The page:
Glenn Lewis, a one-time prominent member of the Washington-area divorce bar, was disbarred yesterday. The order comes several months after the Virginia State Bar stripped him of his law license.
The Virginia disciplinary board found Lewis took fees from clients without doing work he was hired for, mishandled client funds and failed to keep required financial records, among other charges. The Virginia State Bar revoked his license in May.
On October 17, the District of Columbia Court of Appeals disbarred Lewis, citing the Virginia decision. According to yesterday's order, Lewis did not respond to a previous court order asking him why it shouldn't disbar him...
...Before the disciplinary proceedings, Lewis was a well-known member of the bar when it came to family law matters. The Washington Post reported he once said in an interview that he was the most expensive lawyer in the region, charging $850 per hour for his services. In 2004, the Virginia State Bar’s family law section gave him a lifetime achievement award.
Losing the license to practice law in the entire D.C. Metropolitan area qualifies as a very different lifetime achievement award. (Mike Frisch)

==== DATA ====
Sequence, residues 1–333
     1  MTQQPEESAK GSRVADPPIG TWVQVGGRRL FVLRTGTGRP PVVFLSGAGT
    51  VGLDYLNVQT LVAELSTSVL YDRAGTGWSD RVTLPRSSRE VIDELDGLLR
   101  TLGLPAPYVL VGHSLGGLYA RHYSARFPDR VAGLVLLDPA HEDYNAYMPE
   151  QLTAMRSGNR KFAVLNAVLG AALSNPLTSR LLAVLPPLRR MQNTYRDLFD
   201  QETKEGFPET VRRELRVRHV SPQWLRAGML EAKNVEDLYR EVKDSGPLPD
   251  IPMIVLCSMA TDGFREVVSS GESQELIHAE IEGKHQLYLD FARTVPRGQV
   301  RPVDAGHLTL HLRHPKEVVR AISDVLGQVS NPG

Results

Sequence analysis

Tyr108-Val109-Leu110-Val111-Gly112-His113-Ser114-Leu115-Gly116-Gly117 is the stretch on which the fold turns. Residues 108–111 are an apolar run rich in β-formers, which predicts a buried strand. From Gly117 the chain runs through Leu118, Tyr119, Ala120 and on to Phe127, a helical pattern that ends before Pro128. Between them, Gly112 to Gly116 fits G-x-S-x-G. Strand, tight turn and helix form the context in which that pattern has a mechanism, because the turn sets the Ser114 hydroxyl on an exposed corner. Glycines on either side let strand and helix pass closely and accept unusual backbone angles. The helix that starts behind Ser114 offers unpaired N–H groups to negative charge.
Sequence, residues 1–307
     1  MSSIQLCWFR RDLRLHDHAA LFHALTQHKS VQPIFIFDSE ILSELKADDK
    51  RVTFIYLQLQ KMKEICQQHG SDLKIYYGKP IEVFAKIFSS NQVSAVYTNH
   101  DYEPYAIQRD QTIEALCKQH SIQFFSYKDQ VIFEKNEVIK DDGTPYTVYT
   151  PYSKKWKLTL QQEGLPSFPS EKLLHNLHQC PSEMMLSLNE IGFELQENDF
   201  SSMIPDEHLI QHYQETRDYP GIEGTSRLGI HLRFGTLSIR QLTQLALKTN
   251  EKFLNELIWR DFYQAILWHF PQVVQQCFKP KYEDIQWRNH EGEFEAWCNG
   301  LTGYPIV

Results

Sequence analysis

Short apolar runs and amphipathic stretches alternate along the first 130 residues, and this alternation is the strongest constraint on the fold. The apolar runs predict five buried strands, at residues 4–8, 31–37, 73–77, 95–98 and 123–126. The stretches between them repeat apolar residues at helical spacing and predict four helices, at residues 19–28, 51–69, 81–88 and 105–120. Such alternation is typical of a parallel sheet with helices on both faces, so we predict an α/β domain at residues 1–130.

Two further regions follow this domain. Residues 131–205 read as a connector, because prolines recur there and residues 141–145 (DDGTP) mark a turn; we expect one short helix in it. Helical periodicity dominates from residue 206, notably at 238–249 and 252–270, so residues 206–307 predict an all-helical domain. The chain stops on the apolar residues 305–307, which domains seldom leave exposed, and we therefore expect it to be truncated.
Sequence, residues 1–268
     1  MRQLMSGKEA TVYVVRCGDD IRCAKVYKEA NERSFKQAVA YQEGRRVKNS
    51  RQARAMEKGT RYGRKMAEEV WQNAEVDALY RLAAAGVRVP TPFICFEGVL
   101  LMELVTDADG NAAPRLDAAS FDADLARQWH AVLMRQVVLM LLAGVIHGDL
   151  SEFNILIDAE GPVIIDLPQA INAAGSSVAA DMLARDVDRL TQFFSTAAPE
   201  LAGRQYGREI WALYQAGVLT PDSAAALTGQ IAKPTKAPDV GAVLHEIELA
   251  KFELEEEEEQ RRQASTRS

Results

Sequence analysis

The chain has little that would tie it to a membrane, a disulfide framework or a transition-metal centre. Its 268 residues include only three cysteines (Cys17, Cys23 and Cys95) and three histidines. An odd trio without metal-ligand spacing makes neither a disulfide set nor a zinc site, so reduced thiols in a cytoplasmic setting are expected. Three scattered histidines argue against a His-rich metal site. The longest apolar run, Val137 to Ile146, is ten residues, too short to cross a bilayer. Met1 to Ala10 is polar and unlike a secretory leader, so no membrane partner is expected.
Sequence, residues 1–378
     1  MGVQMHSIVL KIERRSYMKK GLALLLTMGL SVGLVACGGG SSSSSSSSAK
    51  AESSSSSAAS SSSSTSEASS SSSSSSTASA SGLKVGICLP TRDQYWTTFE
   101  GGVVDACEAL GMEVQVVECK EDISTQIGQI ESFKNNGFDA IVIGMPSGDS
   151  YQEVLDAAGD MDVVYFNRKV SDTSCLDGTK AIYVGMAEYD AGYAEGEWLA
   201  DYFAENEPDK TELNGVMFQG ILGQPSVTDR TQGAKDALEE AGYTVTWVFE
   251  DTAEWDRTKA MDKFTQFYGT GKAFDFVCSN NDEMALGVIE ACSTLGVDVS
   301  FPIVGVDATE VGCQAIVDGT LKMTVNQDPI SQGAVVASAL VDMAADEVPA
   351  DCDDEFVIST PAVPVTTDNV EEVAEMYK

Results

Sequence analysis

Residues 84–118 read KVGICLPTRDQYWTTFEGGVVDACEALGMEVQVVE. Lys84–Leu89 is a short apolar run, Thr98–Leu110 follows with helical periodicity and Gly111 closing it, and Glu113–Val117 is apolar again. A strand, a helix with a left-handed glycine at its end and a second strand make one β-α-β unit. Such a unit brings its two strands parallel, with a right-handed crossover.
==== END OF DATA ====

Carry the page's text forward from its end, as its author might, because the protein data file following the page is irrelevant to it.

The Indiana Supreme Court has ordered an interim suspension of a former deputy prosecutor who pleaded guilty to a federal bribery charge.
RTV6ABC has a report on the circumstances
David Wyser, 53, will plead guilty to federal bribery charges involving a 1991 murder case in which a woman was originally sentenced to 110 years in prison, but had her sentence dramatically reduced after her father donated thousands to Brizzi's and Wyser's campaigns.
Paula Willoughby was convicted in a murder-for-hire plot to kill her husband, Darrell Willoughby, after prosecutors said she and her lover, Douglas Steuber, paid a man $700 to kill Darrell Willoughby.
Paula Willoughby was sentenced to 110 years in prison, and, on appeal, the Indiana Supreme Court reduced her sentence to 70 years.
In June 2009, the sentence was modified to 40 years, a move agreed to by Brizzi's office, and Paula Willoughby was released in July 2009 for time served.
But from 2006 to 2008, prior to the sentence modification, Willoughby's father, Harrison Epperly, donated $29,000 to the Brizzi campaign and gave $2,500 to Wyser's failed campaign for Hamilton County prosecutor, records show.